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Carbon source utilization of soil extracted microorganisms as a tool to detect the effects of soil supplemented with genetically engineered and non-engineered Corynebacterium glutamicum and a recombinant peptide at the community level

Wilfried Vahjen, Jean-Charles Munch, Christoph C. Tebbe
DOI: http://dx.doi.org/10.1111/j.1574-6941.1995.tb00188.x 317-328 First published online: 1 December 1995


Substrate utilization of microbial cells extracted from soil with a 0.85% aqueous sodium chloride solution, was determined to estimate effects on soil microorganisms at the community level with microtiter plates (Biolog GN®) containing 95 different sources of organic carbon. A consistent pattern of utilized substrates was obtained after 24 h of microtiter plate incubation at 28°C. The absorbance values (OD590) obtained from a microtiter plate reader after background correction were transformed by using the average absorbance values of oxidized substrates as a threshold to distinguish between well utilized and poorly or non-utilized substrates and thereby reduce variances between replicates. Doubling times of the extracted soil microorganisms in the microtiter plates were tested with 12 substrates and ranged from 1.96 h to 3.23 h, depending on the carbon source. The carbon source utilization assay was used to assess the effects of soil inoculation with Corynebacterium glutamicum with and without a genetically engineered plasmid (pUN1; 6.3 kb), which encoded for the synthesis of the mammalian protease inhibiting peptide, aprotinin. Additionally, aprotinin itself was added at two concentrations to soil samples. An identical decrease in the number of carbon sources utilized, especially carbohydrates, occurred upon soil inoculation with both C. glutamicum strains after inoculation with 106 cells g−1 soil. This effect was only detectable during the first three weeks of incubation, as long as cell numbers of C. glutamicum (pUN1) were above 105 cfu g−1. Soil amendment with aprotinin resulted in utilization of additional substrates, most of them carbohydrates. With 0.1 mg aprotinin g−1 soil this stimulation lasted 2 days and with 10 mg g−1 it lasted for 7 days.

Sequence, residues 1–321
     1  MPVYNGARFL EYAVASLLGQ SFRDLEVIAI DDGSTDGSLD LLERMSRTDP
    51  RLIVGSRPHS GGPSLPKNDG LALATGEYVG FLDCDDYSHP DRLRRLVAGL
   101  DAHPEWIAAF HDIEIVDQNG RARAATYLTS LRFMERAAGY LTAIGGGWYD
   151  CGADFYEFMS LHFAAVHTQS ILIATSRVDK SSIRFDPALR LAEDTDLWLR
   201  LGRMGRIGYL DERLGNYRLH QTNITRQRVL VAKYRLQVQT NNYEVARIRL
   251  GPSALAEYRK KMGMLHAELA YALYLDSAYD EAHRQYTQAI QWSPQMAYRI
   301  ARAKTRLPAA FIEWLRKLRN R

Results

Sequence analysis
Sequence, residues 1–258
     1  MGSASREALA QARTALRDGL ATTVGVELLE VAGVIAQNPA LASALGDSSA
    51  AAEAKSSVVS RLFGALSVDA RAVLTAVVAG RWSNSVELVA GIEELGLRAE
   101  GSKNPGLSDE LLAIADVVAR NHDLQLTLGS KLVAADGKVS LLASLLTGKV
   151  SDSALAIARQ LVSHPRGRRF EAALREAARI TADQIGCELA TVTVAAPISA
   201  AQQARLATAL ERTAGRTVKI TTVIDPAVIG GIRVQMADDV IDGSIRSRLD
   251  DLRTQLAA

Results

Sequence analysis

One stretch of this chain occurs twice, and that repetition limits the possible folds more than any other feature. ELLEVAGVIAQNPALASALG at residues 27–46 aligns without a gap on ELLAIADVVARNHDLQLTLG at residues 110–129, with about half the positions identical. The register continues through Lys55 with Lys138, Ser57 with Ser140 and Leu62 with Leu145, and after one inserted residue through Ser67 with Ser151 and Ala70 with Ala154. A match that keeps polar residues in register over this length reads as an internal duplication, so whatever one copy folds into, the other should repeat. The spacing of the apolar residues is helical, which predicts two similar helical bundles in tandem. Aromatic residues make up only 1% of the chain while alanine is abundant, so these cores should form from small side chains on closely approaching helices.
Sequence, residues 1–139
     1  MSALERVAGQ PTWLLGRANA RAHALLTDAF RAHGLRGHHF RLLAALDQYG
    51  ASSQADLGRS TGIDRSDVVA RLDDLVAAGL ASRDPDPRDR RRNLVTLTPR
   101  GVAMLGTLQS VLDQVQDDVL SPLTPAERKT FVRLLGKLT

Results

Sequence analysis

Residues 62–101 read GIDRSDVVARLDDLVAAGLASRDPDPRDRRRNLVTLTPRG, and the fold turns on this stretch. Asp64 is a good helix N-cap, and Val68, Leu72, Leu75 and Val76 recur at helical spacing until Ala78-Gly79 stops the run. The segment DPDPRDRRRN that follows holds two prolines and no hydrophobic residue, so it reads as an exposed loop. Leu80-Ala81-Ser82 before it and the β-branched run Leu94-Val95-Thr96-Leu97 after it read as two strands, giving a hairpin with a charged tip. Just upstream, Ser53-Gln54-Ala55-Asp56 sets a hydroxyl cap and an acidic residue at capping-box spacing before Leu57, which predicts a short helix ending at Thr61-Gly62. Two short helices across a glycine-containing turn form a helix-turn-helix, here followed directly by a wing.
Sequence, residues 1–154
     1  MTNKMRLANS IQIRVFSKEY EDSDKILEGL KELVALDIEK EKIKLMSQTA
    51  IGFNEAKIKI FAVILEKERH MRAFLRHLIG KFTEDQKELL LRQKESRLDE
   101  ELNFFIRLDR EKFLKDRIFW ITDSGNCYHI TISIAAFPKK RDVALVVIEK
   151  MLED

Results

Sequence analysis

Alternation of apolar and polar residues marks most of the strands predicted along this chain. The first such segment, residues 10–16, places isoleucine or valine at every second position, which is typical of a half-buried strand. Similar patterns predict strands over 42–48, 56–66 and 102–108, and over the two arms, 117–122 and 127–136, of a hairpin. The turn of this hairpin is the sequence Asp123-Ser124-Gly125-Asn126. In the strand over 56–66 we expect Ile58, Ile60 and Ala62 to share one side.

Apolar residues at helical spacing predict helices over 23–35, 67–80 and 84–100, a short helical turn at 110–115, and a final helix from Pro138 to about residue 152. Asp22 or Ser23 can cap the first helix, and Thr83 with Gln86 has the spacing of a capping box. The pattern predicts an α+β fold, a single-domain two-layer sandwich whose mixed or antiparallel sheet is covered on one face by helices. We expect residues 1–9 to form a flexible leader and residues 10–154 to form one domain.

• Soil microbial community
  • Carbon source utilization
  • Aprotinin
  • Genetically engineered microorganism
  • Risk assessment

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